Members of JAXA retrieve a capsule dropped by Hayabusa2 in Woomera, southern Australia, on Sunday. Photo: JAXA via AP
tech

Japan's capsule with asteroid samples retrieved in Australia

24 Comments
By Mari Yamaguchi

The requested article has expired, and is no longer available. Any related articles, and user comments are shown below.

© 2020 The Associated Press. All rights reserved. This material may not be published, broadcast, rewritten or redistributed without permission.

©2022 GPlusMedia Inc.

24 Comments
Login to comment

Awesome job,Japan.

Truly inspiring.

I wonder why with such technology available it is easier to get a PCR test in Africa than Tokyo!

8 ( +15 / -7 )

Absolutely remarkable!

Although China send their spacecraft to the moon to get samples.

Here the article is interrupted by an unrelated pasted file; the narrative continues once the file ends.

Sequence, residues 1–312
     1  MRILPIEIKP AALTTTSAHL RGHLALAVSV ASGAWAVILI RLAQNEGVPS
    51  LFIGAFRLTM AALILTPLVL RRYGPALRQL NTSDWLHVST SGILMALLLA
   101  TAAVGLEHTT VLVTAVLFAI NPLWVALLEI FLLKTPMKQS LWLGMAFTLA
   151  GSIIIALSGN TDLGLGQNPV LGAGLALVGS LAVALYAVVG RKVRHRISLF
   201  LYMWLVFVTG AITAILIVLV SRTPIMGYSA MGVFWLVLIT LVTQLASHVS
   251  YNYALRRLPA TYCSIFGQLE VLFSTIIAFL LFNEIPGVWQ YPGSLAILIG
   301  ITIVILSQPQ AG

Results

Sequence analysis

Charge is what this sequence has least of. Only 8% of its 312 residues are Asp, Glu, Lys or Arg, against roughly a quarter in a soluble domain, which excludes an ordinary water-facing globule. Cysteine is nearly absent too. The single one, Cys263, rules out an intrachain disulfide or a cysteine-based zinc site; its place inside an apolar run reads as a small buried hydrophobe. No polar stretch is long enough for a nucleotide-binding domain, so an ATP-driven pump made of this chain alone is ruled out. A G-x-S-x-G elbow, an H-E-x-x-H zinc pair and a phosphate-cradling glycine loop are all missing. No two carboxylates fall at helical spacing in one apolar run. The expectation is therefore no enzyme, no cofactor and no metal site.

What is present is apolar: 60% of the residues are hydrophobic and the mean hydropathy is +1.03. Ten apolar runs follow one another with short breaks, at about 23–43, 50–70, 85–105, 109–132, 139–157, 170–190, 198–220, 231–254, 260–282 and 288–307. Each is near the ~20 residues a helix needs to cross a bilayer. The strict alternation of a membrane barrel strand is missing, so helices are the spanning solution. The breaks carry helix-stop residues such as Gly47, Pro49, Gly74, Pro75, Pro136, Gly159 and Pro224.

I believe they will win the moon race and settle their base there.

-11 ( +4 / -15 )

Excellent job, but what is with the plastic bag wrapping? Japan needs to stop with plastic wrapping everything.

4 ( +14 / -10 )

Though not really showy (to many lay audiences), the project is remarkable, highly valued among experts. It's also worth noting that Hayabusa 2, an upgraded one suffered no major accident throughout its interstellar trip. That proves that the project team have rightfully learned from the mishap of the previous Hayabusa mission.

For Hayabusa2, it’s not the end of the mission it started in 2014. It is now heading to a small asteroid called 1998KY26 on a journey slated to take 10 years one way, for possible research including finding ways to prevent meteorites from hitting Earth.

No break? Hardworking....

-4 ( +5 / -9 )

Well done Japan and JAXA! Jaw dropping achievement. 10 years ago people would have laughed if you told them a space mission would land on an asteroid and retrieve samples. Mind blowing!!

Although China send their spacecraft to the moon to get samples.

I believe they will win the moon race and settle their base there.